"I am proud that San Francisco continues to be a leader in promoting bicycling as a healthy and an environmentally sustainable transportation alternative," said Mayor Gavin Newsom in a prepared statement.
The SFMTA has monitored the number of cyclists versus drivers on Bike to Work Day for the past two years. On this year's Bike to Work Day on May 13, bikes accounted for 75 percent of the total vehicles headed eastbound on Market Street, whereas last year it was 66 percent.
"Thanks to the new separated bike lanes on Market Street, people are riding their bikes to work and to shop downtown in record numbers," said Renee Rivera, executive director of the San Francisco Bicycle Coalition.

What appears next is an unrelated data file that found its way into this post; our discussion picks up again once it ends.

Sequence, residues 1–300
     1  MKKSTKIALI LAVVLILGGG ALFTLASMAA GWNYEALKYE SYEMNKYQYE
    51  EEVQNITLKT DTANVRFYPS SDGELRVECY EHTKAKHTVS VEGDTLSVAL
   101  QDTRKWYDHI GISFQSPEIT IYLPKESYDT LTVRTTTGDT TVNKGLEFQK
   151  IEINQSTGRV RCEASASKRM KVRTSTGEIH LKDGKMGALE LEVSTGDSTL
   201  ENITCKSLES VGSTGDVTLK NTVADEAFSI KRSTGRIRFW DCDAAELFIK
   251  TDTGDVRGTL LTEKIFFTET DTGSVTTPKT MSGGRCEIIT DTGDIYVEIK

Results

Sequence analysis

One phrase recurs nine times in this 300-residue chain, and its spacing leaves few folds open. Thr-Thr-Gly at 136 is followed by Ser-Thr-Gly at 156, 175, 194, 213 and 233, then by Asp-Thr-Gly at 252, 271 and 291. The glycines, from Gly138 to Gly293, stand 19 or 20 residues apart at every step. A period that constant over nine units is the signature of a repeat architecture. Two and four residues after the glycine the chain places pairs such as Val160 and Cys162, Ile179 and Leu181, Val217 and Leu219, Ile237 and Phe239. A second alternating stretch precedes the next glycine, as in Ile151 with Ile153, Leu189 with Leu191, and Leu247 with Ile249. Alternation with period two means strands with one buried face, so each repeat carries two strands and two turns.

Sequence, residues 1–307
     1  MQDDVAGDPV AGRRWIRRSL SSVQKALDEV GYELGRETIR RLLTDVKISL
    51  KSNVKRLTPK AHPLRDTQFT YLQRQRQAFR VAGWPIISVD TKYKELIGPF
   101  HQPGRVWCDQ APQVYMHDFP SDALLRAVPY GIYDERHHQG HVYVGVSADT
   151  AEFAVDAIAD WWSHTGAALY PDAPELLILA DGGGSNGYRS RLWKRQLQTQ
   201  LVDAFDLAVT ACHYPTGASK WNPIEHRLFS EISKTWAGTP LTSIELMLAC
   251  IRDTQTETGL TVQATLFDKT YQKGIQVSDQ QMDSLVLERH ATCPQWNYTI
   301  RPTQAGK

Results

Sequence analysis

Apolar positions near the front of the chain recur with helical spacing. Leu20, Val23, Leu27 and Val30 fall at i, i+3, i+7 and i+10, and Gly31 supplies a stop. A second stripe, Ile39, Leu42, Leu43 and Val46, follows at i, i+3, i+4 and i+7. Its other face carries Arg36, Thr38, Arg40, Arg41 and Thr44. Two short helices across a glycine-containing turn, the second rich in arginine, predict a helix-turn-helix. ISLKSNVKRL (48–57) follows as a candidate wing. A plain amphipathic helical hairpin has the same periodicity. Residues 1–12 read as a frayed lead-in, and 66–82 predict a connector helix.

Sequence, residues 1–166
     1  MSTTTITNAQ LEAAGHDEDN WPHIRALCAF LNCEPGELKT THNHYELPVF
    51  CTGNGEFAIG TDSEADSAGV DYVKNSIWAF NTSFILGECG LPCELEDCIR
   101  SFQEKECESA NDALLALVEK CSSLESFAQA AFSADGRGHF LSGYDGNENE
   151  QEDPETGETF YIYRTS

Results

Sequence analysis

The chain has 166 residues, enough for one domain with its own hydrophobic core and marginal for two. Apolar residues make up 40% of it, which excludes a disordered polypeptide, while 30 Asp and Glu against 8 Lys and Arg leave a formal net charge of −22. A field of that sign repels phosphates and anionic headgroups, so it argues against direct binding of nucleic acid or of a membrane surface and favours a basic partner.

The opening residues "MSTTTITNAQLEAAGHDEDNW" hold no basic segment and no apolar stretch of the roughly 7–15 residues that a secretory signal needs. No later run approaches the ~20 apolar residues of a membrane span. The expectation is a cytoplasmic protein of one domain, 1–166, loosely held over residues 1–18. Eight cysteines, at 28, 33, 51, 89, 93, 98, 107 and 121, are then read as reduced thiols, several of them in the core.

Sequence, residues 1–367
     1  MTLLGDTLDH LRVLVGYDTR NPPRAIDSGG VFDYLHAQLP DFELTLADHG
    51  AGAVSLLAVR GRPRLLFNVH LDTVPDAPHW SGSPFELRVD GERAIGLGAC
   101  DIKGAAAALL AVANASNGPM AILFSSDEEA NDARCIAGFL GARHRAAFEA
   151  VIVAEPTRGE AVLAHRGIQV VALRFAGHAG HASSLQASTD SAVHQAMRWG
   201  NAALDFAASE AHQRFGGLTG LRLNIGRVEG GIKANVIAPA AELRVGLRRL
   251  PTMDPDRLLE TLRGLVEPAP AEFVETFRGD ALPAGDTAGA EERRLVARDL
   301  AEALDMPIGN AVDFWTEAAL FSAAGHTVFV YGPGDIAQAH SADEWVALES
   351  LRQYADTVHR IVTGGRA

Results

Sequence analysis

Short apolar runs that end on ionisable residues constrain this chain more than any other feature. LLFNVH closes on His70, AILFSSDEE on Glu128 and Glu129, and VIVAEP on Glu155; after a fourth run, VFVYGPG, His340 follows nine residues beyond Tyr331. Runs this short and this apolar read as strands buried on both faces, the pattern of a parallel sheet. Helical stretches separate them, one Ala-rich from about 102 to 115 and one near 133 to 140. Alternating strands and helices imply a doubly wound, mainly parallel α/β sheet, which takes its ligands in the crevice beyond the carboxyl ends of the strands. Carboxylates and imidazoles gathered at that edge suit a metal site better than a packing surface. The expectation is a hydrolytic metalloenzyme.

Last November, the Superior Court modified a 2006 injunction on the city's Bike Plan, an official plan to make San Francisco more bike-friendly, allowing for a limited number of bike lane projects and other improvements.
Since then, the SFMTA has completed nine new bike lane projects, installed 1,600 shared roadway markings, installed 402 sidewalk bike racks and five on-street "bike corrals" and created a green bikeway on Market Street fully separated from vehicle traffic, according to the SFMTA.
On July 1, the agency's bike program staff found that bicycles made up about 61 percent of all eastbound traffic, compared to 54 percent at the same time last year.
"Everyday bicycling is what our Bike Program staff are striving to improve," said Nathaniel Ford, SFMTA executive director.